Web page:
Another common mistake is to DIY fiberglass batt insulation in your attic. Unless it is perfectly installed (even professional installers miss places with batts) you will not see the R-Value you were looking for, and will effectively see little to no improvement in comfort or your utility bills. You might as well light your money on fire, for the poor results you will see from that kind of installation.

    Another point on attic insulation. Insulation is a thermal barrier, NOT an air barrier. Insulation slows the transfer of heat, but does not STOP air. Don’t believe me? Go into your attic or crawlspace and look at the exposed insulation. If it looks dirty, there’s an air leak. The insulation essentially filtered the air, but did nothing to save you money or improve your comfort. A professional should install high grade foam at all top plates, penetrations, chases, etc. to make sure the attic is properly SEALED. THEN you add insulation. (NOT batts!!) Sound complicated? It is. Do you know what components need fire-rated applications? No?

    And rent a blower door? Would you know where the red hose goes, and where the green hose goes? What do the numbers on the manometer’s screen mean? What calculations will you need to perform to see how leaky (or tight) your house is? Don’t know? Maybe you should hire a professional for a modest fee and have them do it in a few hours.

    And how about that carbon monoxide? Were you trained in HVAC to know when your heat exchanger might be cracked and have the potential to leak carbon monoxide throughout your entire home? How often should you change your furnace filter? 3 months? 1 month? Would you be able to figure out if you have spillage or backdrafting at your water heater? A professional energy auditor will be able to tell you.

    I’m not against people doing work themselves, but because homes are very complicated, and each component can affect another component of your home, don’t you think it would be best to save yourself the time (and possibly thousands of dollars in repair work if you mess it up) and have a professional diagnose the home, create a plan, and give you instruction based in solid building science principles?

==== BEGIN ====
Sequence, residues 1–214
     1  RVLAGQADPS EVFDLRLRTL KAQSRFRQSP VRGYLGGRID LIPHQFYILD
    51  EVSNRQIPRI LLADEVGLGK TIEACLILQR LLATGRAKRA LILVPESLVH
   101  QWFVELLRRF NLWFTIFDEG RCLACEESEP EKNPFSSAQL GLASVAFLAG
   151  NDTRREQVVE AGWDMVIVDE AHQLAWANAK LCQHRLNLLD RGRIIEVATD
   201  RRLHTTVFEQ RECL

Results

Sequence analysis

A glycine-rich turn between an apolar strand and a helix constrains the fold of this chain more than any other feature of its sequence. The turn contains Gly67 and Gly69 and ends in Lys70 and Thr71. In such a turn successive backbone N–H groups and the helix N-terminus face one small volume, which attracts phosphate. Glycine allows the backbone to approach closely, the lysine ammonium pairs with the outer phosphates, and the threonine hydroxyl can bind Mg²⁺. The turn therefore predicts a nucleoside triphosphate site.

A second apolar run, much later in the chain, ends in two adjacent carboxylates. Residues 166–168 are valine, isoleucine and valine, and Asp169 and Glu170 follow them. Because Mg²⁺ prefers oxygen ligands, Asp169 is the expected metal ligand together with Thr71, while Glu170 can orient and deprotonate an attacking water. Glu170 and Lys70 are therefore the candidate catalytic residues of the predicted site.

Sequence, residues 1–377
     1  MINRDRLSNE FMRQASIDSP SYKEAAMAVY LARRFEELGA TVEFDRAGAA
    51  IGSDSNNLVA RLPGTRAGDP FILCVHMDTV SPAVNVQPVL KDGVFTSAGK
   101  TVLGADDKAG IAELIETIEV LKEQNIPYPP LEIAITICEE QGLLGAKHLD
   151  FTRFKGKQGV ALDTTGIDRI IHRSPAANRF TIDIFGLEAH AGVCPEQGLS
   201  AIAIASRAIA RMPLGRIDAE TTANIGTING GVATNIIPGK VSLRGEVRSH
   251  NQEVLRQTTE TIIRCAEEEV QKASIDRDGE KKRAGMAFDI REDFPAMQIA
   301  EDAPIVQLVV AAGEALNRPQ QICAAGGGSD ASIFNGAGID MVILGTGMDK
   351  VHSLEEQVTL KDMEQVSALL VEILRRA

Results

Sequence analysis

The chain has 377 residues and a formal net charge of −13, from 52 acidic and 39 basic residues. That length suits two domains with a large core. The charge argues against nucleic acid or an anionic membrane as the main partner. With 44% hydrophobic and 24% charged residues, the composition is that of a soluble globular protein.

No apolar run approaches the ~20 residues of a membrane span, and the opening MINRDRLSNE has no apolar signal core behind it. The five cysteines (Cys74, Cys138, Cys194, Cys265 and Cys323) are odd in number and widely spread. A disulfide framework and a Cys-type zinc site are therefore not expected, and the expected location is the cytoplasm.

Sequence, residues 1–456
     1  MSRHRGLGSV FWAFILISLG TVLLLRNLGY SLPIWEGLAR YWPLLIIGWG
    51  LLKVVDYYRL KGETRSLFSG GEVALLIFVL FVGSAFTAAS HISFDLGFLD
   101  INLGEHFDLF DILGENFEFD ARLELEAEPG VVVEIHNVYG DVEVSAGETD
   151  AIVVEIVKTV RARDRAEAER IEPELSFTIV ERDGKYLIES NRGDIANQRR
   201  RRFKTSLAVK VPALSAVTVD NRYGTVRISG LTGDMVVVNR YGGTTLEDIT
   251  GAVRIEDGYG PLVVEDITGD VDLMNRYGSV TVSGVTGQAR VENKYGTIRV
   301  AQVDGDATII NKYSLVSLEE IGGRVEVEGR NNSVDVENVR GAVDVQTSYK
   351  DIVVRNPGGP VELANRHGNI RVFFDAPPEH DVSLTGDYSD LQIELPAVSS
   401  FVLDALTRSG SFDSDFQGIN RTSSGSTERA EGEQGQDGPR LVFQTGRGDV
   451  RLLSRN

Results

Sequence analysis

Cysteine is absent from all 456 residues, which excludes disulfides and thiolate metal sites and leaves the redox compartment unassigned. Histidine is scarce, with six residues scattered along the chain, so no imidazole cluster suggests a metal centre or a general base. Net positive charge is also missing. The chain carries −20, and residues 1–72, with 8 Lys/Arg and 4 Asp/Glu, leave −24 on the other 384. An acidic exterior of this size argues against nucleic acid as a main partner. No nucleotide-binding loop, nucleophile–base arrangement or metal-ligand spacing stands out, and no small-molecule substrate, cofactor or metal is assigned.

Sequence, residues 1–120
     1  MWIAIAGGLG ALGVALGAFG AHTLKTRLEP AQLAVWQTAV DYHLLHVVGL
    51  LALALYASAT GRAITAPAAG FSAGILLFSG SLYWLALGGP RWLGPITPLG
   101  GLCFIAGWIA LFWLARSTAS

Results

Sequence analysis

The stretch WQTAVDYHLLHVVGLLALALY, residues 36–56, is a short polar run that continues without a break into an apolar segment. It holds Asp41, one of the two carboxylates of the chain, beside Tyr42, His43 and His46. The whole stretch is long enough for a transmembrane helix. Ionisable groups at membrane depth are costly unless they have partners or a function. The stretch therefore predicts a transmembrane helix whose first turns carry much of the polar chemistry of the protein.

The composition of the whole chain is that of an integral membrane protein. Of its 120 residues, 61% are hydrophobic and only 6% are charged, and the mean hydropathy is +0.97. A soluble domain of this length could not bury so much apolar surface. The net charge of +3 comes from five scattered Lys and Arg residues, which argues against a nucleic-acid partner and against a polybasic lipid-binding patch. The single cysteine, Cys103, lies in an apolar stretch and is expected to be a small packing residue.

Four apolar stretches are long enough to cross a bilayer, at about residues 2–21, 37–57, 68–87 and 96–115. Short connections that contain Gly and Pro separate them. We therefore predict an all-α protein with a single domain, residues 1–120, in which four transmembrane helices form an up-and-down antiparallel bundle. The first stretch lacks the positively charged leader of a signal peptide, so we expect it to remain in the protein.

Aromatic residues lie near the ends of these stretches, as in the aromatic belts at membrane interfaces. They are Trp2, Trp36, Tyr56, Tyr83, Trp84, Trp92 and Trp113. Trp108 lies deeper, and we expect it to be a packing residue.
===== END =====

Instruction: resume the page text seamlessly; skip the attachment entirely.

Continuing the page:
I wouldn’t even think about fixing my car myself, as I am not a trained mechanic, and having a SAFE car to drive is important to me. I hope that the safety of your family is important enough to you, to bite the bullet and spend a couple hundred dollars on a professional.

    Thank you,
    Melissa

    • Cool your jets Melissa, no one is trying to put you out of business. Read the second paragraph again: “if you know what you are doing”. This is not an indepth DIY article, just an overview of what to look for. Intelligent people with do more research before getting involved in something. I have watched so many “Holmes on Homes” episodes where the professionals screwed things up too! The rule here is to educate yourself whether you are DIY or hiring a professional. People, If you don’t educate yourself, we might see “you” on “Holmes on Homes”.
      I would much rather have seen a short (say 10 point) checklist of what to look out for, the perils of DIY or maybe how to hire a “good” contractor for this specific topic!
      You have some passion about this, just watch the presentation and who your readers are and go for it!

  6. Ive built more homes than youve seen in your life. I was there at the trade shows when foam tried becoming ppoular in the seventies. I have hired more than one professional energy auditor to run savings numbers on foam. They say the same thing, most climates in the US do NOT justify using foam, the cost will take too long to repay itself. And only retarded deuschebags on youtube think its the re-invented wheel of insulation.